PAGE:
I am using Debian 8.8 and am using ntfs-3g to mount an NTFS partition in /etc/fstab. Here is my entry:

/dev/sdc1  /mnt/data_backup  ntfs-3g  rw,uid=1000,gid=1000,dmask=0002,fmask=0003  0  0

It is fine for my account userA to read and write the partition. However, my workstation is open to another userB which is not in the root group. Is there any way to make the partition writable for the non-root userB? And the best result will be that userB can only append but cannot remove the files in the partition. An FTP solution is also acceptable. Thanks!

  • is that means userB has no permission to access /mnt/data_backup, what if you add this 'permission'? and modify option uid, gid should be a good idea.
    – Se ven
    Jul 10, 2017 at 4:51

2 Answers 2


I spent some time learning the concept of users and groups, which help me to understand the mechanism of ntfs-3g module. Here is my solution:

  1. Create a group ntfs, and add the userA and userB to the group.
  2. Modify gid in /etc/fstab to gid=ntfs. Then the mask means all users in the group can write the partition.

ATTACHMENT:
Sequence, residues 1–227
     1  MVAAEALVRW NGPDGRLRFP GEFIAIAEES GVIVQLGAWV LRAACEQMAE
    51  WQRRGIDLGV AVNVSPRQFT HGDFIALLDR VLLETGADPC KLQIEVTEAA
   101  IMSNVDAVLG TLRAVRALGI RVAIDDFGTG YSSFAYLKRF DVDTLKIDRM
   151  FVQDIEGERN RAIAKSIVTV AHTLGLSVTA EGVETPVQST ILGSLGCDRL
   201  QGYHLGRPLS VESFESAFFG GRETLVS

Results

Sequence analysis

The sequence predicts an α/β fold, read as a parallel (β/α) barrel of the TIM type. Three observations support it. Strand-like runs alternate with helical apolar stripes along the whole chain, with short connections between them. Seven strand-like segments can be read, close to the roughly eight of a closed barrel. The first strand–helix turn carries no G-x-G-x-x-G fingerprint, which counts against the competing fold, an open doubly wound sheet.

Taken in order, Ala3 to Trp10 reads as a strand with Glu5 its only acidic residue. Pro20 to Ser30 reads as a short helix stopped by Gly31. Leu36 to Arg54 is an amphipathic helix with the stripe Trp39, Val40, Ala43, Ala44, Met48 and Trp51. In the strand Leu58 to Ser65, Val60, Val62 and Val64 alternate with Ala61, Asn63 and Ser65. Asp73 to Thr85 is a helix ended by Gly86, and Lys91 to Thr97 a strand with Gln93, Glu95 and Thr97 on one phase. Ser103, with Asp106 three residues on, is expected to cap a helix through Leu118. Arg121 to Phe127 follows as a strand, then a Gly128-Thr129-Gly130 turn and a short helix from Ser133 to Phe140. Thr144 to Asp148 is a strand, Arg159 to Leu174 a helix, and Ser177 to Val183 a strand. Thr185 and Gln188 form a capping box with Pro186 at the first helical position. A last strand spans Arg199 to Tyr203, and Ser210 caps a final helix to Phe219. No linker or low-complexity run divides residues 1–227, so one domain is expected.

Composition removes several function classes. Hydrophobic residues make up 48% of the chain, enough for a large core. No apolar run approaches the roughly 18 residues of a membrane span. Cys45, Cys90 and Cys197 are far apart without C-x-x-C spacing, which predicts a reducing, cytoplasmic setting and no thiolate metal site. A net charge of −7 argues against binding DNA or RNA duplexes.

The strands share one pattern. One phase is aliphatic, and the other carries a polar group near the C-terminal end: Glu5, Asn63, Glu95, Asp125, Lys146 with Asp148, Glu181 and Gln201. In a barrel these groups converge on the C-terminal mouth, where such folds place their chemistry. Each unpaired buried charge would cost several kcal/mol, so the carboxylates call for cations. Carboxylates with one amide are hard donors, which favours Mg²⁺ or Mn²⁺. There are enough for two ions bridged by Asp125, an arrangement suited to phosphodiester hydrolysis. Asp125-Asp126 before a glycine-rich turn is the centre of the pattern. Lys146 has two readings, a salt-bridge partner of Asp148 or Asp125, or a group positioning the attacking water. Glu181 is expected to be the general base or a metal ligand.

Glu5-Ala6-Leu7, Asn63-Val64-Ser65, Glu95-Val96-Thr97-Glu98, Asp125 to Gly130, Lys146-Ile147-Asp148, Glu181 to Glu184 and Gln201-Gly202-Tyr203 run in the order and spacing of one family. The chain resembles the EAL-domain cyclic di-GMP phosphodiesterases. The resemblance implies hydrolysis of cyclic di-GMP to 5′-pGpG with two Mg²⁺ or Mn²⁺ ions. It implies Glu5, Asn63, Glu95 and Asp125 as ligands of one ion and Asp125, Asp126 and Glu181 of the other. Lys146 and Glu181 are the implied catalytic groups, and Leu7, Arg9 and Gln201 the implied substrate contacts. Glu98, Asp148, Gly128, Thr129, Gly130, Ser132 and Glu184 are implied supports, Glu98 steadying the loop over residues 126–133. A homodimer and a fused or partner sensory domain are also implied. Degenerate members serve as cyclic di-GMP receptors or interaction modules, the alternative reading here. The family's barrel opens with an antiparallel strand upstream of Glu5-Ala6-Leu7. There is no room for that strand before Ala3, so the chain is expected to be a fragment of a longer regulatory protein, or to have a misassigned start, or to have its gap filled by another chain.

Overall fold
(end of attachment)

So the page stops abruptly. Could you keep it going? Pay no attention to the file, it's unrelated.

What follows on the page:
@Seven Thanks!

  • just use the NTFS3 kernel driver and mount with the acl option to enable POSIX permissions
    – phuclv
    Jul 9 at 4:13

Asked 4 years, 10 months ago

currently 2022-05-11

I use RHEL/CentOS 7.9, and using ntfs-3g-2021.8.22-2.el7.x86_64.rpm and ntfs-3g-libs-2021.8.22-2.el7.x86_64.rpm which I believe come from the EPEL repository, I have no problems with mounting an ntfs partition as writable. In fact using this latest ntfs-3g I do not even have to use the -t ntfs-3g option for the mount command. My ntfs file systems however do have rwxrwxrwx for everything on them when being mounted in linux.

Back when I was using ntfs-3g, like 2019 version, it did work but I had to use the -t ntfs-3g option when mounting, among other nuances.

So the current answer to this question, based on my experience and I use a usb portable disk formatted as ntfs under windows 10 to transfer data between my windows pc to linux servers... all the time for the last couple years... I have no problems mounting an ntfs partition in linux, and being able to write to it regardless of the linux user. So use the latest ntfs-3g version.

But if you want to ntfs-3g mount an ntfs partition and have a reasonable user/group permission policy that is a different story.

  • the NTFS kernel driver has been available since 2021. There's no reason to use the much worse NTFS-3g FUSE driver
    – phuclv
    Jul 9 at 4:12
  • what are you implying? As of now with RHEL 8.8 if you do not manually install ntfs-3g and ntfs-3g-libs which show as version 2022.10.3-1 you cannot mount NTFS. What other way is there to do this? whether it's a kernel driver or a FUSE driver whatever that means... which as a user as long as it works reliably I don't care which it is; I've never had a problem doing what i've been doing and i'm not aware of any other way
    – ron
    Jul 10 at 15:05

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